What are Vegetarian Eggs?

Mary McMahon
Mary McMahon

Vegetarian eggs are eggs which come from hens who are fed a vegetarian diet. There are several different styles of these eggs, and many people associate them with the humane and ethical husbandry of chickens. These eggs are usually clearly marked at the grocers', and they may be more expensive than conventional eggs. Some people feel that this cost is worth it.

Vegetarian eggs are typically more expensive than traditional ones.
Vegetarian eggs are typically more expensive than traditional ones.

Interest in vegetarian eggs arose in response to concerns about chickens eating animal byproducts, including remains of other chickens. Since cannibalism has been linked with Transmissible Spongiform Encephalopathies (TSEs) in many species, some people expressed concerns that chickens which ate chickens could develop such a disease, potentially passing it on to people who ate them. Concern about eating chicken byproducts is also related to the natural repugnance which many people feel when they think about cannibalism, as the practice often seems wrong to people.

Ovo-vegetarians also like to seek out vegetarian eggs, especially ovo-vegetarians who pursue a vegetarian lifestyle out of concern for animal welfare. These consumers like the thought of eating eggs which come from a vegetarian chicken, and they also support the idea of raising chickens humanely. Other fans of humane animal raising practices may seek out vegetarian free range eggs to support this type of animal husbandry.

Practices used when raising vegetarian eggs vary. Many companies which sell them claim to raise free-range chickens, which means that their eggs are not actually vegetarian, since chickens are omnivores, and they will happily eat insects, worms, and other small creatures. However, the chicken farmers who raise free range chickens often sell their eggs as vegetarian anyway when their provided feed includes no animal byproducts.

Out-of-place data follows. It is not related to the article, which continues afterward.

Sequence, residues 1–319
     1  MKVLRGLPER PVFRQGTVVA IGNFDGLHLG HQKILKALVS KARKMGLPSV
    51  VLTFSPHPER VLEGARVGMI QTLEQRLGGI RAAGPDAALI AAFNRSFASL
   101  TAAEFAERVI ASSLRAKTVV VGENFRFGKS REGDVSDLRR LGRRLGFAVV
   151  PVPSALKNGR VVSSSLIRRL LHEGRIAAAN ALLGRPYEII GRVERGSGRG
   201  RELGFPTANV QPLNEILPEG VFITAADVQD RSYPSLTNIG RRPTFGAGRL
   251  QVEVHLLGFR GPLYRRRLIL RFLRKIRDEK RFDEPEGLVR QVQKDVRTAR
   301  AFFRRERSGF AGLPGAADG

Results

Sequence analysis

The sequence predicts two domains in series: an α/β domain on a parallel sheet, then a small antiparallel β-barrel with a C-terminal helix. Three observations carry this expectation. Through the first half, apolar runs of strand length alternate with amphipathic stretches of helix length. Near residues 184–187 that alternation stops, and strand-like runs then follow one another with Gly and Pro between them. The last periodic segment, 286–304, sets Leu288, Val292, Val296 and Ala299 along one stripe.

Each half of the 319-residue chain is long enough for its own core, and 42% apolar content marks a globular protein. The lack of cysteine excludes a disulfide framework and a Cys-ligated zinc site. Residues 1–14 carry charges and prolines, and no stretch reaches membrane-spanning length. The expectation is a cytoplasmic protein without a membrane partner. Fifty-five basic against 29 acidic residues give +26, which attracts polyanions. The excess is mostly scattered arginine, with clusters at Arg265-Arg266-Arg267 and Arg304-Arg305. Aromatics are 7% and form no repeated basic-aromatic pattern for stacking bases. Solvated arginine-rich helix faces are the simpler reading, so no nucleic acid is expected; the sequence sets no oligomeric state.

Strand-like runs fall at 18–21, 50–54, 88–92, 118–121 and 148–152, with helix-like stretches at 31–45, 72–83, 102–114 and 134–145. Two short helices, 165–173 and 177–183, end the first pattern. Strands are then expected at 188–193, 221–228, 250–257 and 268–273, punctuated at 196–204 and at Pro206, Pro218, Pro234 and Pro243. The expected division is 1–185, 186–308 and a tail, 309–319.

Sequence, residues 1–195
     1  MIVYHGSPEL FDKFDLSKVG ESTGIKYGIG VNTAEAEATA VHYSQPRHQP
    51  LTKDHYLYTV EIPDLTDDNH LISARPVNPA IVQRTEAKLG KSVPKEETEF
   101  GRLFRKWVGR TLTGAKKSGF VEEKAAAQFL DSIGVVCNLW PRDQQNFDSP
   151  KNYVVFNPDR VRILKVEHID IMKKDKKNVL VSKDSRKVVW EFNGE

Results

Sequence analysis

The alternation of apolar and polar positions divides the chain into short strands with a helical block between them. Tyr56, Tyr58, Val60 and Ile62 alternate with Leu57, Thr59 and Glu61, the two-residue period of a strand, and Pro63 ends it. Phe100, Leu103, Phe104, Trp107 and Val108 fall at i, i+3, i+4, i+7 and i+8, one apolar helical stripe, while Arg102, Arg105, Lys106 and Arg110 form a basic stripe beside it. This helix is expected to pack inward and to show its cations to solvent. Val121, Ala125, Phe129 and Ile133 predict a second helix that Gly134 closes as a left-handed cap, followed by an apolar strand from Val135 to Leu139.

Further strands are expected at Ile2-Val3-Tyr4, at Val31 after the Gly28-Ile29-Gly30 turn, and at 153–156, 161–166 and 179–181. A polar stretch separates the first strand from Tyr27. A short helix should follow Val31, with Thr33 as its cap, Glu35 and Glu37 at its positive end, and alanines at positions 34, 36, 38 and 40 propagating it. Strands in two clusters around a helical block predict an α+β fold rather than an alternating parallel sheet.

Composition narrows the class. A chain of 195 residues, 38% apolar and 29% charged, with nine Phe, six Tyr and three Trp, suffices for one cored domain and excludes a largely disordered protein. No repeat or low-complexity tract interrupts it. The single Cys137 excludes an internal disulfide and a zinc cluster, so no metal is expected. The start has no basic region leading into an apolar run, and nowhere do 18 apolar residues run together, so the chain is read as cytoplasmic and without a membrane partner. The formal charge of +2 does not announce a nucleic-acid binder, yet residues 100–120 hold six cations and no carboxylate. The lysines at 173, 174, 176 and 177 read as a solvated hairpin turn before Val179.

Vegetarian eggs can also come from battery hens, however, so if animal welfare is a concern, you may want to find eggs which are certified as coming from free range chickens. The free range standards also vary widely, which is something to keep in mind. For example, chickens can be kept indoors for much of their life and still be considered “free range” as long as a door is periodically opened to theoretically allow the chickens out. When raised in these conditions, it is very easy to control the diet of the confined chickens, so ironically the only truly vegetarian eggs come from chickens who are not raised humanely, and are therefore dependent on the farmer for all their food.

Mary McMahon
Mary McMahon

Ever since she began contributing to the site several years ago, Mary has embraced the exciting challenge of being a wiseGEEK researcher and writer. Mary has a liberal arts degree from Goddard College and spends her free time reading, cooking, and exploring the great outdoors.

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Discussion Comments


Same logic. Cows eat vegetarian so steak could be labeled vegetarian too.


If a hen lays an egg, surely if it hatches out, it becomes a chicken regardless of what it has been fed on, so there is no way an egg can be called vegetarian, can it?